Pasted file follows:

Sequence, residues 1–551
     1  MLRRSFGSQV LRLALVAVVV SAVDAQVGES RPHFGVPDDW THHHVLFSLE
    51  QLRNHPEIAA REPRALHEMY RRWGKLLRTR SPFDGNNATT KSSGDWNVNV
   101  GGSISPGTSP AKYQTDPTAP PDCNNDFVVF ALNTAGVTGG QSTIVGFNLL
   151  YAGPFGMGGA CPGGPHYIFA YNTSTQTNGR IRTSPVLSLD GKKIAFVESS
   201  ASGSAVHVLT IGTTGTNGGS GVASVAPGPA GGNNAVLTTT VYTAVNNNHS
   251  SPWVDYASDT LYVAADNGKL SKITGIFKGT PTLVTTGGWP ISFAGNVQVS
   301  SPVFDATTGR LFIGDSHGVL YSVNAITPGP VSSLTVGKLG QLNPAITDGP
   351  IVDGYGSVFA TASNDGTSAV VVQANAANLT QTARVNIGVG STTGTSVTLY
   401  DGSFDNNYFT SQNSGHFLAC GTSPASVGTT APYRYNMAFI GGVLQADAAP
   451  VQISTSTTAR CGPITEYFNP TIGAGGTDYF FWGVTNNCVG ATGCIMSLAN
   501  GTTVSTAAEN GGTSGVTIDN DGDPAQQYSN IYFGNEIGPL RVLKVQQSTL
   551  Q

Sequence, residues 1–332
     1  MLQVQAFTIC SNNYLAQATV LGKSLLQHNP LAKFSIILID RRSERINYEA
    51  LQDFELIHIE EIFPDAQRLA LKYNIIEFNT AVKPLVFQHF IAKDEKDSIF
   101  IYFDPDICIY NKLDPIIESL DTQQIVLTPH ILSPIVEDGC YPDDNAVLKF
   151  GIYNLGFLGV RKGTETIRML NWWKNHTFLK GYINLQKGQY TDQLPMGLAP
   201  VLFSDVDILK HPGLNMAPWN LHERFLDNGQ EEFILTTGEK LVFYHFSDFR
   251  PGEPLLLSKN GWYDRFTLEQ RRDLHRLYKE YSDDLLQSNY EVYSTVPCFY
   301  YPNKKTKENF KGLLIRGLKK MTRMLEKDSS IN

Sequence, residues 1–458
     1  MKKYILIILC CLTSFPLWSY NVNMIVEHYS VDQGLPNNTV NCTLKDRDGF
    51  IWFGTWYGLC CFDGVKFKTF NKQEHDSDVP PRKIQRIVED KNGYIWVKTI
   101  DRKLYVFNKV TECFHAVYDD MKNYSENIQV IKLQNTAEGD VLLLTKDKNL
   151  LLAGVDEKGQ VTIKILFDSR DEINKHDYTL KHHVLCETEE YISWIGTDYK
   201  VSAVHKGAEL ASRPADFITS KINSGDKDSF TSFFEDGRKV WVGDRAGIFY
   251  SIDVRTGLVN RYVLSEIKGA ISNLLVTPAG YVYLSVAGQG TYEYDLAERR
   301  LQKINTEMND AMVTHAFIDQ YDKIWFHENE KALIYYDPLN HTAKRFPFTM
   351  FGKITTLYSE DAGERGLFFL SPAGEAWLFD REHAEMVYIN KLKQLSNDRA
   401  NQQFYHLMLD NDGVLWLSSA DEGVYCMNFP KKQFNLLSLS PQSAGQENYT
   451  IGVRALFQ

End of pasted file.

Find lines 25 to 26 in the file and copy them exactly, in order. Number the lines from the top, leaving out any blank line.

   101  DRKLYVFNKV TECFHAVYDD MKNYSENIQV IKLQNTAEGD VLLLTKDKNL
   151  LLAGVDEKGQ VTIKILFDSR DEINKHDYTL KHHVLCETEE YISWIGTDYK